Review: Flow – Cineuropa

– CANNES 2024: Gints Zilbalodis’ endearing animated story about a black cat in the aftermath of a catastrophic flood is the hidden gem of this year’s Cannes Film Festival

Review: Current

After the drama of Laila Pakalnina The shoeit took more than 25 years for Latvia to gain a new place in the official selection of the Cannes Film Festival. This long wait has finally been rewarded thanks to Gint Zilbalodis‘second year position, Current (+also see:
interview: Gints Zilbalodis
film profile
which premiered in the Un Certain Regard section of the French meeting.

The story of this beautiful animated film, written by the helmsman together with a talented filmmaker Matiss Kaza, is as simple as it is fascinating. It seems the world is coming to an end – or at least we realize that humanity and civilization have been wiped out. The remnants of a human presence are still visible, but animals and nature rule our planet once again. In the aftermath of a major flood, we follow an adorable black cat – fearful yet charismatic and sweet – who finds refuge on a boat populated by various species. Escaping a catastrophe, the unlikely group of animals embark on a long journey together through mystical, submerged landscapes and face the dangers of adapting to this new world.

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At first glance you might feel some vibrations resonating loosely Strayed, an adventure game produced by Annapurna Interactive and released last year, and for good reason. In it, a stray cat moves through a dystopian, post-apocalyptic world. However, inside CurrentThere are no robots, there is little melancholy, and the entire color palette is much brighter – not to mention more hopeful – than the ubiquitous “doom and gloom” atmosphere typical of the Annapurna play.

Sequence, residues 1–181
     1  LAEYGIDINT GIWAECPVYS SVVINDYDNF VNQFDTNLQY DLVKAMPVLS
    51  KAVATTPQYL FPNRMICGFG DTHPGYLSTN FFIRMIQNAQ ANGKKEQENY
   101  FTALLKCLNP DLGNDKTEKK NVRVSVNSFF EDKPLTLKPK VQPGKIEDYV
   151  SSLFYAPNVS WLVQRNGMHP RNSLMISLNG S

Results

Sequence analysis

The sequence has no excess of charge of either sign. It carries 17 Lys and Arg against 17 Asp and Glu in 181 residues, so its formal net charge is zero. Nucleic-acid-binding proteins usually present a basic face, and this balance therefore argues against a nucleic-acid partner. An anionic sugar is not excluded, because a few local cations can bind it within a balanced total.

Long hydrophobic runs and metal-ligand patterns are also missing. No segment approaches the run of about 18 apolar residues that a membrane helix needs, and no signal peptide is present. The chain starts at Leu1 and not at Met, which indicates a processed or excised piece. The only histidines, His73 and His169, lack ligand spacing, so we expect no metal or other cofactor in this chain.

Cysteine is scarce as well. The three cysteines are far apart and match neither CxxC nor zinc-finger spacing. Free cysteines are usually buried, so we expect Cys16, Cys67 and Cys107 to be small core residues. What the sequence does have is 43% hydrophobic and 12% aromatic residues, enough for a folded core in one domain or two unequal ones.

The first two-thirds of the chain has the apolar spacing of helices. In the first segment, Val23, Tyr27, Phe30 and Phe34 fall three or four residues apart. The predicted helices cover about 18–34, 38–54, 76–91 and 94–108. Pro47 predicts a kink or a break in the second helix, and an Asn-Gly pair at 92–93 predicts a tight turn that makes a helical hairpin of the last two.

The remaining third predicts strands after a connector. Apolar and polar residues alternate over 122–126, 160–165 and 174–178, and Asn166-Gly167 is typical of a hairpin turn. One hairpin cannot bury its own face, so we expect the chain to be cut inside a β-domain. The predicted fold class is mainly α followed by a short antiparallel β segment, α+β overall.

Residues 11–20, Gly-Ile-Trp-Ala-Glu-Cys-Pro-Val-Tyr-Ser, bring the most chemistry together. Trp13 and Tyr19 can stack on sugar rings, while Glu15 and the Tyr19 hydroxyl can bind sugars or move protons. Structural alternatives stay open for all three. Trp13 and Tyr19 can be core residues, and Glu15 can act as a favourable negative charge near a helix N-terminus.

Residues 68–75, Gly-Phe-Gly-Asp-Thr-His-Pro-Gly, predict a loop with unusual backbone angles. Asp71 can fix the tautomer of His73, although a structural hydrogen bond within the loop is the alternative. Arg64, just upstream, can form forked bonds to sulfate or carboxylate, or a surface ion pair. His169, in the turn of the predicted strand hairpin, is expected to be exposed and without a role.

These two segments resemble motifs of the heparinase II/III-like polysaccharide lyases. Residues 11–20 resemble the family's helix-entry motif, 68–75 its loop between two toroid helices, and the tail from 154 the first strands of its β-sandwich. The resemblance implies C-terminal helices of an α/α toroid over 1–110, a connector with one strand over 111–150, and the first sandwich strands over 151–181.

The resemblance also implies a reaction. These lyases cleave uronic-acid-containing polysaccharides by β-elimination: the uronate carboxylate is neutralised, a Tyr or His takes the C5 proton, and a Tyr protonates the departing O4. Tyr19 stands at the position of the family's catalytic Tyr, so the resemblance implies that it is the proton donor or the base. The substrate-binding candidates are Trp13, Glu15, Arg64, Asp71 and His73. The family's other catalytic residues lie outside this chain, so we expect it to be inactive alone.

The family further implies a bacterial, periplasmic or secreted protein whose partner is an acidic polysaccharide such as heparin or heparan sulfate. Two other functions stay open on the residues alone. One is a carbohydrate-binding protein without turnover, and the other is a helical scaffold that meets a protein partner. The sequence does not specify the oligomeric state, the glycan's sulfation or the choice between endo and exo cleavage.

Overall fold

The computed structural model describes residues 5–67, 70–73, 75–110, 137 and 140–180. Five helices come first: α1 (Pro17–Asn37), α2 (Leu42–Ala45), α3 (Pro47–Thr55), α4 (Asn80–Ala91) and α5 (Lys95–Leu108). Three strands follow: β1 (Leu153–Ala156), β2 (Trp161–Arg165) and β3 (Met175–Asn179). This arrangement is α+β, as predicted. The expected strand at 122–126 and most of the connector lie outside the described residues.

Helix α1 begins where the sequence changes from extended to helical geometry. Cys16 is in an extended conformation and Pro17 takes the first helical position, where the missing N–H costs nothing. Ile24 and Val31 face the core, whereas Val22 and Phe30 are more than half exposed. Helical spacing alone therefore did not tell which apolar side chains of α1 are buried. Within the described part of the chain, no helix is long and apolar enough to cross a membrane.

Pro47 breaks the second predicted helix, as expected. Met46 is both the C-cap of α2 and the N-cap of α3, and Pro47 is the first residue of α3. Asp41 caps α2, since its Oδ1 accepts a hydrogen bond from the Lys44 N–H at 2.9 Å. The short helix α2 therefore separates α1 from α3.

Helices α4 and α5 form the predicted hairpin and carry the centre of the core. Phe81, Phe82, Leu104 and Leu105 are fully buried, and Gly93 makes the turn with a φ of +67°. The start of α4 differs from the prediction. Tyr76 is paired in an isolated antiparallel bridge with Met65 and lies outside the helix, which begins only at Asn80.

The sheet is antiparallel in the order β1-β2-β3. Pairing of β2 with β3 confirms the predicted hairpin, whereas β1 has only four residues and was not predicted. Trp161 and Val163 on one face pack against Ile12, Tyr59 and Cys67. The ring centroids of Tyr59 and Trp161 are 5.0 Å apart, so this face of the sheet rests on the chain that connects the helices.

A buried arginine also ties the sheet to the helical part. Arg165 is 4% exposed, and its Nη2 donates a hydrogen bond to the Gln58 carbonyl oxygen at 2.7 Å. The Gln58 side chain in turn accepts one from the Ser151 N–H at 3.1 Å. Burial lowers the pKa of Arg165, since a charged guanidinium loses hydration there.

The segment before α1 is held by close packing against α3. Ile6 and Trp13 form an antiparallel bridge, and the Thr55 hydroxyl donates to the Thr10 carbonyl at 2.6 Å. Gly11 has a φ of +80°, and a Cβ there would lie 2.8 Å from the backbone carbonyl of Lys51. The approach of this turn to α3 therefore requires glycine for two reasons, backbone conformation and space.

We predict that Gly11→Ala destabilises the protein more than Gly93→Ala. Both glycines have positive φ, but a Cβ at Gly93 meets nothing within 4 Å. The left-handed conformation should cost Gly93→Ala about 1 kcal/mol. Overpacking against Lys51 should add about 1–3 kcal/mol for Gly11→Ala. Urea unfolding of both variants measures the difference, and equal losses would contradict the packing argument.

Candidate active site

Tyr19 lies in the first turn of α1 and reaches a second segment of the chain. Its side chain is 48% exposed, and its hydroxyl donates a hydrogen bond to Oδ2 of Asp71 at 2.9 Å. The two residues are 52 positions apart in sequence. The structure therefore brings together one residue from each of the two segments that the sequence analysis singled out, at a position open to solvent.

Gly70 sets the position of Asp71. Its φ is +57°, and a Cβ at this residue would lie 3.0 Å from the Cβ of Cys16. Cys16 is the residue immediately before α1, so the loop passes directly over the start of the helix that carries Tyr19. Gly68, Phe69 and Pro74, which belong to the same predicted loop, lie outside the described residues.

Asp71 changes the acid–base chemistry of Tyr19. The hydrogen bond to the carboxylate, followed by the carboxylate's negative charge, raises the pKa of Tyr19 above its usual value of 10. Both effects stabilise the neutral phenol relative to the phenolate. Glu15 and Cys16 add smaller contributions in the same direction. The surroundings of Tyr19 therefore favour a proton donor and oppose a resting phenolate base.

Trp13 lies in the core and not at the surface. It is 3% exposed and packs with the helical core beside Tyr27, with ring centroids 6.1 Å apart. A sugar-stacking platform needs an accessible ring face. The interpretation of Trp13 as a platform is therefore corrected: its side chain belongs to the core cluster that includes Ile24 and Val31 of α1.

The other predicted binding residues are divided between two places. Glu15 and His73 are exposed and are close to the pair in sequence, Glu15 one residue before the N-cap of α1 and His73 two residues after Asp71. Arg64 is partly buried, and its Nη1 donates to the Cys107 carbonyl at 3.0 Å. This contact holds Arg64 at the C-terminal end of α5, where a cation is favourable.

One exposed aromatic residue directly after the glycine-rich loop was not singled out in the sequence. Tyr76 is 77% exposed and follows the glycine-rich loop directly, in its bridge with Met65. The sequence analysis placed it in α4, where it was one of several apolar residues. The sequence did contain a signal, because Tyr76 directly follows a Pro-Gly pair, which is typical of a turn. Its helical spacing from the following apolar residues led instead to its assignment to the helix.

That said, the pleasant visual appearance doesn’t imply the presence of a sugar-coated story; On the contrary, Current is a very emotional and captivating experience without dialogue, but enriched by conflicts and clashes. Most of these are motivated by the animals’ struggles as they follow their instincts and adopt behaviors that resemble, at least in part, human nature.

Furthermore, our black cat also goes through an interesting storyline, changing his relationship with the world through his new friends. It’s something that emerges naturally, and it’s certainly no easy task to show this kind of character development in a story without dialogue.

Furthermore, the soundscape feels real and immersive down to the smallest details (from the ambient noise to the cat’s sweet purring and meowing); the score is compelling and majestic. Aesthetically, the picture is pleasing to the eye and makes the most of a big screen experience. And of course the animation is smooth and well done.

Without mincing words, Current is the real hidden gem of this year’s Cannes. It is a story that focuses on animals, yet is so relatable and ‘human’ that it is moving and heartwarming, and it touches the hearts of children and adults alike. It has the potential to sell worldwide, perhaps marking the beginning of a brand new chapter for European animation.

Current is a European co-production led by Dream Well Studio (Latvia), Sacrebleu Productions (France) and Take Five (Belgium). Charades sells the photo internationally.

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